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Sci Rep. 2015 Oct 12;5:14914. doi: 10.1038/srep14914.

Polarization: A Key Difference between Man-made and Natural Electromagnetic Fields, in regard to Biological Activity.

Author information

1
National Center for Scientific Research "Demokritos", Athens, Greece.
2
Department of Biology, University of Athens, Greece.
3
Radiation and Environmental Biophysics Research Centre, Greece.
4
Experimental Dermatology Unit, Department of Neuroscience, Karolinska Institute, Stockholm, Sweden.
5
The Science and Public Policy Institute, Institute for Healthful Adaptation, Washington, DC, USA.

Abstract

In the present study we analyze the role of polarization in the biological activity of Electromagnetic Fields (EMFs)/Electromagnetic Radiation (EMR). All types of man-made EMFs/EMR - in contrast to natural EMFs/EMR - are polarized. Polarized EMFs/EMR can have increased biological activity, due to: 1) Ability to produce constructive interference effects and amplify their intensities at many locations. 2) Ability to force all charged/polar molecules and especially free ions within and around all living cells to oscillate on parallel planes and in phase with the applied polarized field. Such ionic forced-oscillations exert additive electrostatic forces on the sensors of cell membrane electro-sensitive ion channels, resulting in their irregular gating and consequent disruption of the cell's electrochemical balance. These features render man-made EMFs/EMR more bioactive than natural non-ionizing EMFs/EMR. This explains the increasing number of biological effects discovered during the past few decades to be induced by man-made EMFs, in contrast to natural EMFs in the terrestrial environment which have always been present throughout evolution, although human exposure to the latter ones is normally of significantly higher intensities/energy and longer durations. Thus, polarization seems to be a trigger that significantly increases the probability for the initiation of biological/health effects.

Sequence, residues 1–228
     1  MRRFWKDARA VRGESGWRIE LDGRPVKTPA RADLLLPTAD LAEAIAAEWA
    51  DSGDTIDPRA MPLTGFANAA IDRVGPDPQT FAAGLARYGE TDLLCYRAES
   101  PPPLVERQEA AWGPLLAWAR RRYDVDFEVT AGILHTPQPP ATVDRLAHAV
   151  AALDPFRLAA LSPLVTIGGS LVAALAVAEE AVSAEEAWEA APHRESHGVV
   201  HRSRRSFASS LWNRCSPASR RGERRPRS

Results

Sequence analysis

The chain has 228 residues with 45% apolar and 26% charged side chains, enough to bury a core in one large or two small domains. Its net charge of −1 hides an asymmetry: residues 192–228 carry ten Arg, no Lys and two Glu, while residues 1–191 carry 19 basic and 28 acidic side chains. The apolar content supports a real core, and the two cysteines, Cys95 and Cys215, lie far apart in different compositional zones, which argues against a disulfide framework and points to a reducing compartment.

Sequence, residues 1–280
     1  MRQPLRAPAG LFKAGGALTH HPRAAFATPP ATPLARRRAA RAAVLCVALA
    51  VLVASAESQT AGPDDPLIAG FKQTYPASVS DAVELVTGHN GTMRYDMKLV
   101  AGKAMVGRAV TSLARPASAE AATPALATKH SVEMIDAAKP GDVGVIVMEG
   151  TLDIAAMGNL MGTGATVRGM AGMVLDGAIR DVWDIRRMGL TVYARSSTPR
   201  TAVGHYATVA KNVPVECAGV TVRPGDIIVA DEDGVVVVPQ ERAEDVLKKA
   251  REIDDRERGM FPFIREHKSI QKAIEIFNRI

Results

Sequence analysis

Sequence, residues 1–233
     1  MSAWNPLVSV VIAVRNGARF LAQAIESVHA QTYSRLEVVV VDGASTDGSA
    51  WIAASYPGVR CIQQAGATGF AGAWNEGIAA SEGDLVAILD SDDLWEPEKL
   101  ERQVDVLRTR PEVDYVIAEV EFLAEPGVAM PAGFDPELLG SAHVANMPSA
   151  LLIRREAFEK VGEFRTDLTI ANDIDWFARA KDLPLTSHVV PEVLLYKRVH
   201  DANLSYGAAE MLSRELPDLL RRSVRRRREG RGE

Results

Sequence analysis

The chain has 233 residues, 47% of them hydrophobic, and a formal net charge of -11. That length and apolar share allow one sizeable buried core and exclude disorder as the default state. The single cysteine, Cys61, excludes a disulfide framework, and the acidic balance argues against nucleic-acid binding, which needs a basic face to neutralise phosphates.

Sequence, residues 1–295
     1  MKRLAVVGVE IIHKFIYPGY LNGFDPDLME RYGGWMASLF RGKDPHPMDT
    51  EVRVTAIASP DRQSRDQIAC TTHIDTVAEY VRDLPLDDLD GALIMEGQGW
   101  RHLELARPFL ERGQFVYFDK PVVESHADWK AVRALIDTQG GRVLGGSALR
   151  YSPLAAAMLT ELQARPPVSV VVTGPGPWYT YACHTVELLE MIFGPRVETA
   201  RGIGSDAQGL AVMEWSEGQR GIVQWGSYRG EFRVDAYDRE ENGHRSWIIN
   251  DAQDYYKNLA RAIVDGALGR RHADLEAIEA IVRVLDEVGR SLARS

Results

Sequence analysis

PMID:
26456585
PMCID:
PMC4601073
DOI:
10.1038/srep14914
[Indexed for MEDLINE]
Free PMC Article

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